There’s a saying attributed to H. Jackson Brown, Jr., an American author best known for “Life’s Little Instruction Book”: “Never make fun of someone who speaks broken English. It means they know another language.” And that language may use a completely different alphabet, have different rules of grammar, and contain sounds not found in English while omitting others common to English. Oh, my . . .
English, with its wide and confusing variety of dialects, idioms, roots, rules and exceptions, is indeed a mixed bag, and those who lack fluency in it may well be unfamiliar with that expression. Enter Liz Cohen who, fearing that foreign-born seniors might find themselves up the river without a paddle as they attempt to navigate the shoals and depths of our national language, recently created a Conversational English group at the Culver City Senior Center in order to provide a safe, nonjudgmental environment in which fluency could flow.
As a young child and high school student Cohen, who was and continues to be enamored of books, thought about being an English teacher. “I’m a reader,” she said, “and love to hear about books others are reading and love to go to the library.” She occasionally feels “a bit hopeless since I don’t think I’ll be able to read all the books in the library, but I’m trying.” In college she considered becoming a psychologist, but didn’t pursue that path. After working in various offices she found her niche as an escrow officer, a career that lasted over 35 years.
“Certainly it was important in the escrow world to write and speak clearly and in such a way that nothing could be misinterpreted,” Cohen said. Her ability to speak clearly and extemporaneously also led her, at one point, to a position on the board of the Los Angeles Escrow Association.
She enjoys a busy retirement. In addition to volunteering at the senior center as facilitator of the Conversational English group, she exercises her communication skills as a site docent at the Getty Center, leading architecture and garden tours, as distinguished from the gallery docents, who lead tours of the collection.
The senior center group originated because a couple of experiences led Cohen to think about those whose first language is other than English, and how many roadblocks they may encounter that hinder their ability to practice speaking English.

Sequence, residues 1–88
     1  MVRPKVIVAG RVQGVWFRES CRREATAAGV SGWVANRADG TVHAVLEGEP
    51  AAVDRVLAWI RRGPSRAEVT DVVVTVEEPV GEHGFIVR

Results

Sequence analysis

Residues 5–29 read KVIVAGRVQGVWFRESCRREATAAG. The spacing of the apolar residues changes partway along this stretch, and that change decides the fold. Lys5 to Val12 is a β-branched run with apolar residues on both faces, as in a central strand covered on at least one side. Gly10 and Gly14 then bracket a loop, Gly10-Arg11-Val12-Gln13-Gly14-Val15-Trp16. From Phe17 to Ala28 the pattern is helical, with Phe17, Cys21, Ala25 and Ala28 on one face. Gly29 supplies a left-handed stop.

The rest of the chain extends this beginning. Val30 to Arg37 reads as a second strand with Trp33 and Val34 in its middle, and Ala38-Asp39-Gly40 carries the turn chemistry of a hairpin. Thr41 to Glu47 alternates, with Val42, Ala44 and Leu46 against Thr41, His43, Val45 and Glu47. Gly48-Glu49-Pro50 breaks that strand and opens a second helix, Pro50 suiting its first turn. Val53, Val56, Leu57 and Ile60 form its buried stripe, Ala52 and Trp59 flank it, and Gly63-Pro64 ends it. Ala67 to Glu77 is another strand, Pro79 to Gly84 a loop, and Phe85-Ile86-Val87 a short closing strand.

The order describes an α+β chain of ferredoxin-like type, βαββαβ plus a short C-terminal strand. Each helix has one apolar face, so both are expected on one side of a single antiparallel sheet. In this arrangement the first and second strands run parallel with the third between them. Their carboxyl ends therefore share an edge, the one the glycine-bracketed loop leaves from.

“Our housekeeper, who has done an amazing job for us every two weeks for over 30 years, mentioned that she likes to talk to me as it gives her an opportunity to speak English, and she doesn’t have many chances to do that,” she said. “Then a friend mentioned that she was swapping services with an Asian immigrant, teaching her correct English pronunciation in exchange for acupressure treatments.
“Often people for whom English is a second language live with people who speak their first language, have friends and other relatives who speak their first language, shop in places where they can speak their first language and so on. That’s what led me to the idea of creating a place for this practice, and the Culver City Senior Center was open to it, indeed encouraging of the idea.”
And so the group which, Cohen emphasizes, is not a class and is only referred to as such for convenience, was born, with weekly meetings that start at 9:30 A.M. each Thursday and last an hour.
“Occasionally someone comes once and doesn’t return, as it may not suit that person’s needs,” Cohen said. “However, many of the participants have come to all the sessions since we began in mid June. Generally a class is composed of 8 to 10 people, but we always have room for more, and welcome new attendees.”
Many nationalities are represented.
”We have had attendees speaking Thai, Japanese, Korean, Chinese, Spanish, Bulgarian, Russian, Hebrew, and probably more,” she said. “I like to think that it’s a wonderful representation of what used to be called the ‘melting pot’ and which I enjoy referring to as a ‘U.S. salad.’”
Adding that “we don’t get into grammar, or anything much except conversing,” Cohen said she generally proposes a topic to encourage discussion.
“I often ask questions,” she explained. “What special thing did you do this week? What kind of place do you live in – house, apartment, or other? Tell me about your neighbors. Will you take a trip this year, or have you already done so? If you did, or will, tell me how you chose that place. If not, where would you like to go? What did you read or hear this past week, in English, that didn’t make sense? The room contains a board so that I can write words which may be confusing, and we can clarify and explain and expound.”